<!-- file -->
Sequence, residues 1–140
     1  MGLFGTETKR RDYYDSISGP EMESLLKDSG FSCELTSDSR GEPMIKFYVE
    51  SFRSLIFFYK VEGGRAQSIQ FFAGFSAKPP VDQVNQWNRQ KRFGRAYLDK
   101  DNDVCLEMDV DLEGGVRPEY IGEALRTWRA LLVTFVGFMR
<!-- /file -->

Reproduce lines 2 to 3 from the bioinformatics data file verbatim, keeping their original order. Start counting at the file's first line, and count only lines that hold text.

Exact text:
     1  MGLFGTETKR RDYYDSISGP EMESLLKDSG FSCELTSDSR GEPMIKFYVE
    51  SFRSLIFFYK VEGGRAQSIQ FFAGFSAKPP VDQVNQWNRQ KRFGRAYLDK